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Order reserved in Pereira's appeal

Bombay High Court reserves the order in appeals filed by Alistair Pereira against his conviction, reports Urvi Mahajani.

india Updated: Jul 23, 2007 20:59 IST
Urvi Mahajani

After another day of fault finding in the police investigation in the Alistair Pereira case, the Bombay High Court on Monday reserved the order in appeals filed by Alistair Pereira against his conviction and on appeals filed by Maharashtra government seeking enhancement of Pereira punishment and also seeking his conviction under section 304 (II) of the Indian Penal Code for culpable homicide.

The HC has also directed the mobile van officers to remain present in the court on Tuesday when the court will take up the suo moto public interest litigation. The court had taken suo moto notice of the case following public outcry over the verdict.

Just before reserving the order, Chief Justice Swatanter Kumar remarked, "We find it very difficult to say anything. Police have been very unfair in this case."

The division bench of Chief Justice and Justice Ranjana Desai asked for the "rough sit map" prepared by the police immediately after the accident. After going through a sketch prepared in pencil, Chief Justice asked, "What kind of a site map is this?" When advocate general for the government Ravi Kadam explained that it was a rough sketch prepared by the police officer after reaching the site, Chief Justice asked, "Where did the police get the concept of rough sketch?"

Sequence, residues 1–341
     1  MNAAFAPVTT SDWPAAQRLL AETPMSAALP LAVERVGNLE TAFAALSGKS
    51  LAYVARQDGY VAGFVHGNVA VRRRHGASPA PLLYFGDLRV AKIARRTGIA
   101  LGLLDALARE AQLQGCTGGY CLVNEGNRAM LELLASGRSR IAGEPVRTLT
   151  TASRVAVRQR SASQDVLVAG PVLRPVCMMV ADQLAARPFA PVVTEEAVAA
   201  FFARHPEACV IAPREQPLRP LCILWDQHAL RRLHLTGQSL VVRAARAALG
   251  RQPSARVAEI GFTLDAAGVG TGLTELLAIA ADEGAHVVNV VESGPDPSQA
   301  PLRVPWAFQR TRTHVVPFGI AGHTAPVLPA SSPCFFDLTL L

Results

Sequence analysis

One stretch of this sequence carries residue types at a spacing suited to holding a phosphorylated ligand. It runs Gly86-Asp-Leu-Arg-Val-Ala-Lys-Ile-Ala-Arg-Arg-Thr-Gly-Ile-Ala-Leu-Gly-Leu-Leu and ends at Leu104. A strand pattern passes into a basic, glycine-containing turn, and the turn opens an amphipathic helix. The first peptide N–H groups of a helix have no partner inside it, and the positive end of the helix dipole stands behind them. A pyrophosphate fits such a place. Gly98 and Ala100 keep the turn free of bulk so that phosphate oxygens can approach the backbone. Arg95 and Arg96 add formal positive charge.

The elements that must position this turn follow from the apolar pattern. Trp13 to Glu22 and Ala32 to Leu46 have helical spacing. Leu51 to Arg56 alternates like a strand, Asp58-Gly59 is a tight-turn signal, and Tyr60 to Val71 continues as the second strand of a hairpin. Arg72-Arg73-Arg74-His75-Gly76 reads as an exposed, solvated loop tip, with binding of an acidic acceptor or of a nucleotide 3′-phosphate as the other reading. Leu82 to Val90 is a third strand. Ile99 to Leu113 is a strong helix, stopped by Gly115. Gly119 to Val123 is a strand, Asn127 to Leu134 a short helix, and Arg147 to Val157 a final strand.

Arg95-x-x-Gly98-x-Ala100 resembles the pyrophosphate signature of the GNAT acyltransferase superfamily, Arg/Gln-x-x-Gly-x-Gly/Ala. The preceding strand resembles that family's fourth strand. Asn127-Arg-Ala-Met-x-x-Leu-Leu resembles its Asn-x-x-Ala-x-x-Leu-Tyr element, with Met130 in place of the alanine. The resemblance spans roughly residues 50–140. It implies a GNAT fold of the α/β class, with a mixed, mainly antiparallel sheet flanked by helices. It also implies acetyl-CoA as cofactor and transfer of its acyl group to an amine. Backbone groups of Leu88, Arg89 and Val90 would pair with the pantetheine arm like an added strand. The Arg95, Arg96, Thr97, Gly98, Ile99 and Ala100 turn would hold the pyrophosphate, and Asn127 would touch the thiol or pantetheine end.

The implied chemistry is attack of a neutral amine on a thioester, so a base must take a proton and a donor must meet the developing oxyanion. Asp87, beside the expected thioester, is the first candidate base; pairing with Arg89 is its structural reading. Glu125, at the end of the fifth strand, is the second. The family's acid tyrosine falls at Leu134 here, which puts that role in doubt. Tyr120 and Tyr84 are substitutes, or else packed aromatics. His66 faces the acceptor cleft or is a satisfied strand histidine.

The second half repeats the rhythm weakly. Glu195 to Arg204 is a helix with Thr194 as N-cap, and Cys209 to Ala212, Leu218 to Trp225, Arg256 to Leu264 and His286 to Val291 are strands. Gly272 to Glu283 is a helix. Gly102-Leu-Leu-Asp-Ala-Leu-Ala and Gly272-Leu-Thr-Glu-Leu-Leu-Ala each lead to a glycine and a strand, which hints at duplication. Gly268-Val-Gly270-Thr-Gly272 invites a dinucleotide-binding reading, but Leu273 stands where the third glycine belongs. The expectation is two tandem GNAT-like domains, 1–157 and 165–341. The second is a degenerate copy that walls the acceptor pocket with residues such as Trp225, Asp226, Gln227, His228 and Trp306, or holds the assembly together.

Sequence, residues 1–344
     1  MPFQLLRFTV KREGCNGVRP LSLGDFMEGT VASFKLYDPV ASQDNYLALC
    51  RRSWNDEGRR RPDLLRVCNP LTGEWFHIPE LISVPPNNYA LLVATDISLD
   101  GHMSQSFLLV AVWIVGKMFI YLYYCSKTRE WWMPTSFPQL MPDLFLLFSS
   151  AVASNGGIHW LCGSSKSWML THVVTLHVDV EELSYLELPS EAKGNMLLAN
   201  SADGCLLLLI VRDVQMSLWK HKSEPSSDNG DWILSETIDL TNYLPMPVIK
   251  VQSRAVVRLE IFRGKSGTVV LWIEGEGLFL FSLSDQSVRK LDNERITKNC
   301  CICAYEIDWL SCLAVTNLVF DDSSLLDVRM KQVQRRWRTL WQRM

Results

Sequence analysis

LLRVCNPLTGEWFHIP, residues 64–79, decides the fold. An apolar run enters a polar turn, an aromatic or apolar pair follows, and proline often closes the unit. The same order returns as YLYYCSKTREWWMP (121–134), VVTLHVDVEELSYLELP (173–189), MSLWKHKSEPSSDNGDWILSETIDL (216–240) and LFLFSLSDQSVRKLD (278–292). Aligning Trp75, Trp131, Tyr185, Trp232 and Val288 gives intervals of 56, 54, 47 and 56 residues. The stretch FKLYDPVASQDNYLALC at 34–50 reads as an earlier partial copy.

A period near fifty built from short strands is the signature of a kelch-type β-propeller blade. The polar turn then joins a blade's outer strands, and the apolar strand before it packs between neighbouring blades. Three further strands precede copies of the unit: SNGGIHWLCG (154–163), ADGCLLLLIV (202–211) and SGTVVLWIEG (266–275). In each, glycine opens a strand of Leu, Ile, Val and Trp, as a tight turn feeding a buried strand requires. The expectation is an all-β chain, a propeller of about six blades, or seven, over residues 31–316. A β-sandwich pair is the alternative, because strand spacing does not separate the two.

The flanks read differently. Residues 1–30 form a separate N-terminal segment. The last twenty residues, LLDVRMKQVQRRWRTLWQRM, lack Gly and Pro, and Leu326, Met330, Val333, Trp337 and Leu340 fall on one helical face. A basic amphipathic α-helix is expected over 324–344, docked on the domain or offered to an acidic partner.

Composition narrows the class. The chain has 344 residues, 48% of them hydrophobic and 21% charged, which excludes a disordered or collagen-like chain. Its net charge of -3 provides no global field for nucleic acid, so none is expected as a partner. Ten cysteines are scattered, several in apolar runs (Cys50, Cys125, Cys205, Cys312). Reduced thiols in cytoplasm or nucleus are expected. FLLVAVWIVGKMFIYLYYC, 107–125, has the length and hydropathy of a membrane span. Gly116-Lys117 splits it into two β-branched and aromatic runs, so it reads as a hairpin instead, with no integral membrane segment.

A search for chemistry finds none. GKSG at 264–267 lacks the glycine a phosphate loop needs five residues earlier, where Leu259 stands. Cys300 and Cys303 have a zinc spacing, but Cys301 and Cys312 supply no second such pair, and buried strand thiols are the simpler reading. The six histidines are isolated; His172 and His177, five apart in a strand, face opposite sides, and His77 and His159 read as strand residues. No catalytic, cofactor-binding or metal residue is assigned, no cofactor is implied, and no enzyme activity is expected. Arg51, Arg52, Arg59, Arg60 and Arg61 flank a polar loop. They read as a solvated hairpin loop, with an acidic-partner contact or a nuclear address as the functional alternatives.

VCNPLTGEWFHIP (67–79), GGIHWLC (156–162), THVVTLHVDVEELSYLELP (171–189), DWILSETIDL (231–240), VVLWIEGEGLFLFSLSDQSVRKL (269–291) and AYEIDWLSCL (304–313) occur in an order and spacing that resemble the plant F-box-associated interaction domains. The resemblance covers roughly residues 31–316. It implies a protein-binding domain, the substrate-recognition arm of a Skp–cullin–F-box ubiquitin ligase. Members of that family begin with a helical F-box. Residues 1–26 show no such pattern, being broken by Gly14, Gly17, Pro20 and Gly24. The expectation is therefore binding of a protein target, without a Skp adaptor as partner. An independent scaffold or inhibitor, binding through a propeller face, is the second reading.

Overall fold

As it was rough sketch, probably that's the reason it was not tendered in the trial court, said Kadam.

The court also questioned the investigating officer police inspector Somnath Phoolsunder and police sub-inspector Meenakshi Patil on whether there were skid marks and rim marks present at the site. Patil told the court through Kadam that there were skid marks caused due to brakes and rubber tyres, however, there were no rim marks on the road. Rim marks are the ones caused by inner wheel after the rubber tyre comes off.

"Police have been very unfair in this case. These two facts (site map and rim marks) cannot be reconciled to the case of prosecution," remarked Chief Justice.

Seeking lenient view towards Pereira, her lawyer Manjula Rao argued that great prejudice had been caused to him as he was not given sufficient time to argue his case. "On the day the chargesheet was filed, on December 12, 2006, the case was committed to sessions court for trial," she said. Normally, after the chargesheet is filed, notice is issued to the accused to whether the case should be committed to sessions court for trial.

Chief Justice asked Rao as to why they had not challenged this before the trial court itself. "If initially you were not given chance, you still had six months. Don't take advantage of your own wrong."

On November 12, 2006, Pereira's Toyota Corolla ran over contract labourers sleeping on the footpath at carter road, in Bandra killing seven and injuring eight. On April 13, the Sewree sessions court had acquitted him of the charge of culpable homicide not amounting to murder under section 304(B) of the IPC, and held him guilty under section 304(A) (not amounting to culpable homicide) and section 337 (causing hurt).